The ability to be able to measure outcomes that matter to the patient is integral to providing quality care. Quality of life measures have become a core component of clinical care outcomes, inclusive of cleft care [7,8,19-21]. The importance of comprehensive cleft care on a patient with a cleft is centered around ensuring this care is individualized, producing individuals who are well-integrated into society despite their deformity. Every cleft care provider is now encouraged to think beyond a specialty-centered treatment to the holistic care of the patient with a cleft.

Limitation: as a pilot study quality of life score obtained in these patients cannot be generalized.



Conclusion Up    Down

This pilot study had demonstrated low quality of life sores in patients with unrepaired clefts of the lip and palate. These scores fall below the normative cleft Q scores. Cleft type, gender, and possibly ethnicity are factors that affect the quality of life and should be targeted in interventions. The utilization of the same instrument across different geographic zones in the country shows potential for its use as a unified standardized instrument. This will foster further collaborative work. A larger cleft-specific population study across the country will further establish normative data for the country against which cleft care interventions can be compared.

What is known about this topic

  • Having a cleft affects the quality of life of the individual;
  • Patient-reported outcome measures are integral to providing optimal care.

What this study adds

  • Cleft-related quality of life outcome scores in a homogenous African population;
  • Female gender have poorer quality of life scores than males so females should be a focus of psychosocial interventions.



Competing interests Up    Down

The authors declare no competing interests.



Funding Up    Down

This work was funded by a Smile Train Research grant.



Authors' contributions Up    Down

Afieharo Igbibia Michael was responsible for the conception of the study and analysis of the data; Afieharo Igbibia Michael and Adeola Adenike Olusanya were responsible for the design of the study. All the authors (Chinedu Michael Okoli, Afieharo Igbibia Michael, Adeola Adenike Olusanya, Bardi Martins, Akintunde Joseph Akintayo, Ijeoma Onwuagha) were responsible for the drafting of the manuscript, critical revision, and acquisition of study data. All the authors also read and approved the final version of this manuscript.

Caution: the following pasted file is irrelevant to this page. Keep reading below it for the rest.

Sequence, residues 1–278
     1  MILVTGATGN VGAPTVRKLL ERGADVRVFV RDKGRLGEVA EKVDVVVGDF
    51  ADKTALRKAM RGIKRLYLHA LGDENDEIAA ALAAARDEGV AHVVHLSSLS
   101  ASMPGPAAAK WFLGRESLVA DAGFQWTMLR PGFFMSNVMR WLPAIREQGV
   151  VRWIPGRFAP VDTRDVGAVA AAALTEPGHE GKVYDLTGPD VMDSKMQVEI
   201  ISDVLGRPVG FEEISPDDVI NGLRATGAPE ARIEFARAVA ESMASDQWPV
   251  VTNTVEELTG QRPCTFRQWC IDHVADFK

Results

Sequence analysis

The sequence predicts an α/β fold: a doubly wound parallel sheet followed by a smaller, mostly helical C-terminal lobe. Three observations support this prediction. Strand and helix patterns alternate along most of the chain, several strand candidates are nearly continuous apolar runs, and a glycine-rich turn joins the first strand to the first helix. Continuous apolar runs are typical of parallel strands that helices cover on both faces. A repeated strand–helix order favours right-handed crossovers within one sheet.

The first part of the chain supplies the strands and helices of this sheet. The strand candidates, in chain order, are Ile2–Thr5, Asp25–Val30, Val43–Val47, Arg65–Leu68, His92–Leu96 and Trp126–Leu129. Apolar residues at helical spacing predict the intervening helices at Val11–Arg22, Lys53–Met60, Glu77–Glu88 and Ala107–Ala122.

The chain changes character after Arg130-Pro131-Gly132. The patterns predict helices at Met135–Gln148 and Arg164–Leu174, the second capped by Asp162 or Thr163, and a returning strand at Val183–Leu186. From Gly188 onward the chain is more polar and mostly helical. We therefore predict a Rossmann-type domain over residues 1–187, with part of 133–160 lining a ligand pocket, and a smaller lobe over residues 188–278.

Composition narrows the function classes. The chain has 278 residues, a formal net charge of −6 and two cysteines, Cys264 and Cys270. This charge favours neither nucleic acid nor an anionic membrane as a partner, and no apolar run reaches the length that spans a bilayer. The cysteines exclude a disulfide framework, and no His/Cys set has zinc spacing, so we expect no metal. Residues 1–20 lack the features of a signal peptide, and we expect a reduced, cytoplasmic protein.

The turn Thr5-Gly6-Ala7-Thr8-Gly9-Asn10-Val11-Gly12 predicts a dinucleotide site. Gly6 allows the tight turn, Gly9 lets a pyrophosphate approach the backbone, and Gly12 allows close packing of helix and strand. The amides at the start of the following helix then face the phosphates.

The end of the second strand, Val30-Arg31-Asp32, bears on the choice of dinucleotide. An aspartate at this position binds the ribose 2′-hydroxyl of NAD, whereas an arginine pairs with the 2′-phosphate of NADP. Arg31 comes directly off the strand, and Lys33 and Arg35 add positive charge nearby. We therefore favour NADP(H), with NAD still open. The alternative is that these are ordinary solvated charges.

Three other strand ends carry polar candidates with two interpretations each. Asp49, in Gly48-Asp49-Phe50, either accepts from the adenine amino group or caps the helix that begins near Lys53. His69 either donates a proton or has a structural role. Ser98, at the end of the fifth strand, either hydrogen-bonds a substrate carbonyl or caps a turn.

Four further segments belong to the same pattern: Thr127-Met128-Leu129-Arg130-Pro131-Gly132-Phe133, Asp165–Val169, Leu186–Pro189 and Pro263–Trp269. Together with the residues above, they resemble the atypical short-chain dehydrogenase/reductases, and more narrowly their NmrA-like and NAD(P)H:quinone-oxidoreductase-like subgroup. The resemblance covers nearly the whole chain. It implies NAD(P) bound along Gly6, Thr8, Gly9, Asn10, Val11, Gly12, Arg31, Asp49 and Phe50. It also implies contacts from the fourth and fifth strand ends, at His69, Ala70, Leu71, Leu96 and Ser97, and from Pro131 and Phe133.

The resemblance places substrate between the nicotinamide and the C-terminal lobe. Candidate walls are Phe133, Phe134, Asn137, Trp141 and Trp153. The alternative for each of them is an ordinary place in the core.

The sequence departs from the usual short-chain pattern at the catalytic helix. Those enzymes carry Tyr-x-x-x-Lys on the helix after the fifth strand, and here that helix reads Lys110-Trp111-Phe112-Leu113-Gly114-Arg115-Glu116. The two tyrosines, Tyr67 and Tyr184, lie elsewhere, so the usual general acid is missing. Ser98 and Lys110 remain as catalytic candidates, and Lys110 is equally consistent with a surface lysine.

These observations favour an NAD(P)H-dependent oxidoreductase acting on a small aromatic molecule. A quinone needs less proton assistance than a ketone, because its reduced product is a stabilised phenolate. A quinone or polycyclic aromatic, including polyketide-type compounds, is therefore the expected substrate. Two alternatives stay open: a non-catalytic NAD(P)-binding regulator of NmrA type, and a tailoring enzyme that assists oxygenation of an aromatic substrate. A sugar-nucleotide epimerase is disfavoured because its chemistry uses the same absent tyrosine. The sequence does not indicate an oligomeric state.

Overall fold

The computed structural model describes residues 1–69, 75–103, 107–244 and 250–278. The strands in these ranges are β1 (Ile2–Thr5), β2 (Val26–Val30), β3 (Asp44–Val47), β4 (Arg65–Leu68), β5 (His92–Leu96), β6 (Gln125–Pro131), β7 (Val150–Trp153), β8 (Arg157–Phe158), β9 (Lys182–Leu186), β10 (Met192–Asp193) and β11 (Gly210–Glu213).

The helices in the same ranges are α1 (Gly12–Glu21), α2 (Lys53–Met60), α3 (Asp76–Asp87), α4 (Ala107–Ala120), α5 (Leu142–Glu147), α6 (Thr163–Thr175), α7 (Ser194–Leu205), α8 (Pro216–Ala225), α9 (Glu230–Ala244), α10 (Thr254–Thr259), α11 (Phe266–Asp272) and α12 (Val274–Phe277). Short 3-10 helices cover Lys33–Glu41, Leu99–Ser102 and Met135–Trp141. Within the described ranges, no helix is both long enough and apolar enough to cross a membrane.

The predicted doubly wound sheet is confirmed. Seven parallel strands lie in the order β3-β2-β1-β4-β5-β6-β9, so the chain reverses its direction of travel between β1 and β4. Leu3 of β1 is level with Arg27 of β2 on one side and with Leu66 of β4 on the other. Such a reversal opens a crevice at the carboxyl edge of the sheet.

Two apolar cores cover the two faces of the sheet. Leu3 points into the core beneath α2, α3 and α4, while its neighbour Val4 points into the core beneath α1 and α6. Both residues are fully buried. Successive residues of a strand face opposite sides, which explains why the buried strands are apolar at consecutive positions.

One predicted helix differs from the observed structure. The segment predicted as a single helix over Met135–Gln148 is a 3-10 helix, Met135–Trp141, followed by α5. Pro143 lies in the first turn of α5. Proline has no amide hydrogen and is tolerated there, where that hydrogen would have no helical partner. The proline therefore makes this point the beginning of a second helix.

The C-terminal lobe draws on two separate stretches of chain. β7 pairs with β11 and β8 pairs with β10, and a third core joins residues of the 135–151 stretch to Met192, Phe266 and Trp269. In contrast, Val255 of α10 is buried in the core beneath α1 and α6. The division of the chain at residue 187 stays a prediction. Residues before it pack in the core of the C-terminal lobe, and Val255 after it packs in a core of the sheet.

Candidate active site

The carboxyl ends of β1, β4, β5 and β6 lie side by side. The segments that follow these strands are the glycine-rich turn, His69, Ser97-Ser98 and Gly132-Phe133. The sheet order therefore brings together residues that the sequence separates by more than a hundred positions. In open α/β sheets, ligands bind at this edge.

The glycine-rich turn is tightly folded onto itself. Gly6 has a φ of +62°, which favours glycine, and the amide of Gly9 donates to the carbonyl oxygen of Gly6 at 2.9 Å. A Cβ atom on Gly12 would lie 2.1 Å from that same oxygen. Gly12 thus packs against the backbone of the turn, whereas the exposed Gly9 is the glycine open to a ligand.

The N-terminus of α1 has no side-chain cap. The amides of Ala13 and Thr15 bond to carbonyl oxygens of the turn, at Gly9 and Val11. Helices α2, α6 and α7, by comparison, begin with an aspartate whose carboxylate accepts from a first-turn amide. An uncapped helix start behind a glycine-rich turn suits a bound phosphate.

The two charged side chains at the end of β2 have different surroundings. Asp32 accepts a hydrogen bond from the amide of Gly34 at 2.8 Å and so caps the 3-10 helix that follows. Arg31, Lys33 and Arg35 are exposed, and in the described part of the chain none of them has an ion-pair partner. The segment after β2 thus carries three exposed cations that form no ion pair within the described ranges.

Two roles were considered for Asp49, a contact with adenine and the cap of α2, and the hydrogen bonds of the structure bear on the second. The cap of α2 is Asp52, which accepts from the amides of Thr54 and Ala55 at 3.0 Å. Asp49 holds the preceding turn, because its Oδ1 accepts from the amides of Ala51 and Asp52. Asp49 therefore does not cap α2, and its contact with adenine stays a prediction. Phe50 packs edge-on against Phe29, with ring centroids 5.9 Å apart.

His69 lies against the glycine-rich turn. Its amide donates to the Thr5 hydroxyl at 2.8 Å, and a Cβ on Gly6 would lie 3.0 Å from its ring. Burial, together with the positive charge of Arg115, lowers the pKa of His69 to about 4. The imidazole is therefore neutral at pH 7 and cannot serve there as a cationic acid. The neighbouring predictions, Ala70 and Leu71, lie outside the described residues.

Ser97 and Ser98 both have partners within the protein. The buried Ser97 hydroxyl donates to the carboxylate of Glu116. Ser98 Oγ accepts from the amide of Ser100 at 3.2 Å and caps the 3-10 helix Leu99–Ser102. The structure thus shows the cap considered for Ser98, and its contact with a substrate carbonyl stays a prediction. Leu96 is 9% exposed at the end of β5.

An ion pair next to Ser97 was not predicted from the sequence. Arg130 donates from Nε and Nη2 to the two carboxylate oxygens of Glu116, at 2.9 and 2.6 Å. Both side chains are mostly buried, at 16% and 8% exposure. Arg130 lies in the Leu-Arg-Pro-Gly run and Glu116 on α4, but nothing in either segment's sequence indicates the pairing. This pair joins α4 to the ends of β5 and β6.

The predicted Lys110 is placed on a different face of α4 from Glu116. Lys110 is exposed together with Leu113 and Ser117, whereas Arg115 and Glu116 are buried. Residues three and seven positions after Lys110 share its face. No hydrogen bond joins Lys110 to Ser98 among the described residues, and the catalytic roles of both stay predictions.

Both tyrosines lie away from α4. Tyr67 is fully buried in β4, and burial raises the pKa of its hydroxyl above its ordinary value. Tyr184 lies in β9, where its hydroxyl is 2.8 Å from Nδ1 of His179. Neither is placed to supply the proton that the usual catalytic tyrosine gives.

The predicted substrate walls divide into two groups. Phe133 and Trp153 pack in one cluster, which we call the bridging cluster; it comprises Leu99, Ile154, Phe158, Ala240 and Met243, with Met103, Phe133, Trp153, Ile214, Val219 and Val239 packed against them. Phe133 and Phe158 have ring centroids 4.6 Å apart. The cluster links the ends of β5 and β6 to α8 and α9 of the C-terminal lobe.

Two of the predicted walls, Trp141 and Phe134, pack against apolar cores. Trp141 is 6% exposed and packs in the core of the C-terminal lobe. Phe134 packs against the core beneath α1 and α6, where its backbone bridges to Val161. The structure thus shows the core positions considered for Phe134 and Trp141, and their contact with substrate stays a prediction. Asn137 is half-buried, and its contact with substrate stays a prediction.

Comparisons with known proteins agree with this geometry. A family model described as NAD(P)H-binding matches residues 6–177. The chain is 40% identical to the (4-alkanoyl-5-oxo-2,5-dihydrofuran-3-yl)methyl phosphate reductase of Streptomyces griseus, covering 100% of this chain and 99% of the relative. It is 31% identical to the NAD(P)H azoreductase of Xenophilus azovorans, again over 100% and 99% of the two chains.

Acknowledgments Up    Down

The authors acknowledge Prof E. Ameh and Dr. T. Seyi-Olajide for their effort in fostering the collaboration for this work through the National Surgical, Obstetric, Anesthesia and Nursing Plan (NSOANP) / Smile Train partnership. We acknowledge all data collectors involved in the study.



Tables and figures Up    Down

Table 1: sociodemographic characteristics of preoperative patients with clefts (8-29 years) recruited from six hospitals in Nigeria from January to August 2022

Table 2: clinical details of preoperative patients with clefts (8-29 years) recruited from six hospitals in Nigeria from January to August 2022

Table 3: the association between sociodemographic/clinical characteristics and quality-of-life scores of preoperative patients with clefts (8-29 years) recruited from six hospitals in Nigeria from January to August 2022

Figure 1: comparison of mean quality of life domain scores obtained from preoperative patients with clefts (8-29 years) recruited from six hospitals in Nigeria from January to August 2022 with normative data obtained from the cleft Q

Figure 2: comparison of mean quality of life scores in male (A) and female (B) preoperative patients with clefts (8-29 years) recruited from six hospitals in Nigeria from January to August 2022 with normative data obtained from the cleft Q

Figure 3: cleft type (cleft palate (A) and cleft lip (B)) matched comparison of preoperative patients with clefts (8-29 years) recruited from six hospitals in Nigeria from January to August 2022 with normative data obtained from the cleft Q